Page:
Using Gmail to Filter Spam On Existing Mail Accounts
Spam sucks. We all know that. The question is how to stop it. Those of us who use Google’s Gmail have very little spam problem. Google’s spam filtering is VERY good. When I was using Outlook as my mail client, I was using the paid Cloudmark plug-in to defeat spam. It beats the hell out of the built-in spam filtering on ANY mail client. But, since moving to Gmail, my spam problem has been even less than with Cloudmark. And I don’t have to spend a dime for it.
But, what if you don’t want to use a gmail.com email address? Perhaps you are using an address tied to your own domain name or from your ISP. You might not want to switch. Well, I have good news and no, it doesn’t have to do with my car insurance. But, I did save a boatload of money on my spam problem by switching to Gmail. And I didn’t have to change my email address.
Gmail as a Go-Between
Gmail is not a self-contained, web-based mail service. They have opened it up to POP3 access and, most recently, to IMAP as well. But, that’s the download side of things. What if you already have an email account elsewhere? Well, Gmail also has the ability to log into an EXTERNAL mail account and fetch the email, bringing it into Gmail.
So, how can you use this to filter out your spam?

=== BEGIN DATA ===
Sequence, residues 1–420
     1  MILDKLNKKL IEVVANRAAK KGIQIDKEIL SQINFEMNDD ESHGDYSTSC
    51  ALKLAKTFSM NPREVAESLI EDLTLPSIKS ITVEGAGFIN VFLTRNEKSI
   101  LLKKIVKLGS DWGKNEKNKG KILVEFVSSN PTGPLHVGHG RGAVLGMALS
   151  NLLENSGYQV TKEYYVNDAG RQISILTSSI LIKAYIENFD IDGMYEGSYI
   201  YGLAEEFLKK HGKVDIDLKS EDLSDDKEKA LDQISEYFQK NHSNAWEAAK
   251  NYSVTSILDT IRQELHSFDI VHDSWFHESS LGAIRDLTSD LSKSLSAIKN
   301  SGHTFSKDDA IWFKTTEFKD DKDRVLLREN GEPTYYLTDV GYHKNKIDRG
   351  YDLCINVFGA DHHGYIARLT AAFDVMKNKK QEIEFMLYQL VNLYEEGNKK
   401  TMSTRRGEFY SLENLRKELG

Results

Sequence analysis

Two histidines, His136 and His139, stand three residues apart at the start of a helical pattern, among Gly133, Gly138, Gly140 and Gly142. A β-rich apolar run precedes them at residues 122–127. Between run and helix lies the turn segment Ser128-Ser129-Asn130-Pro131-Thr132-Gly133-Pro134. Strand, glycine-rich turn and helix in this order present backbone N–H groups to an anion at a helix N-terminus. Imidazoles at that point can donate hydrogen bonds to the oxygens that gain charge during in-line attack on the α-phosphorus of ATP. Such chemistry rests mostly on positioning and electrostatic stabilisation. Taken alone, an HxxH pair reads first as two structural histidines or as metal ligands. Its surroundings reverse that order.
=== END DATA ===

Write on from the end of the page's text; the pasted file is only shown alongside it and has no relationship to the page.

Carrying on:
Get a Gmail account if you don’t already have one. Then, set it up to get email from your external, existing mail account. If you don’t know if you’re going to like this yet, you can tell Gmail to leave the email on your server so that you don’t split your email up among two servers. Now, with your email coming into Gmail, you can enable POP3 or IMAP access on the Gmail account and then point your email client to download email from Gmail. So, what you have is the exact same email, coming from the exact same account, but via Gmail.
And what do you know, all your spam is being filtered out by Gmail in the process!
If you use POP3 access, all the email will be removed from Gmail servers and downloaded to your client. If you use IMAP, your mail client will simply mirror what is on the server – a great option if you want fully portable mail that looks the same regardless of what computer you are using.
If you happen to have several email accounts, this system might not be perfect for you. While Gmail will allow you to bring in email from more than one external account, once it gets to Gmail it is all in one place. That means that Gmail will act as a funnel, sending all your mail accounts through one single mail account. Likely you can just use filters on the client side to split your mail up according to the address it originally came in on, but if you actually send your different email address to different physical email files, that will be hard to pull off.
Otherwise (and for most of you), this is a very workable, free way to fight spam on your existing email address.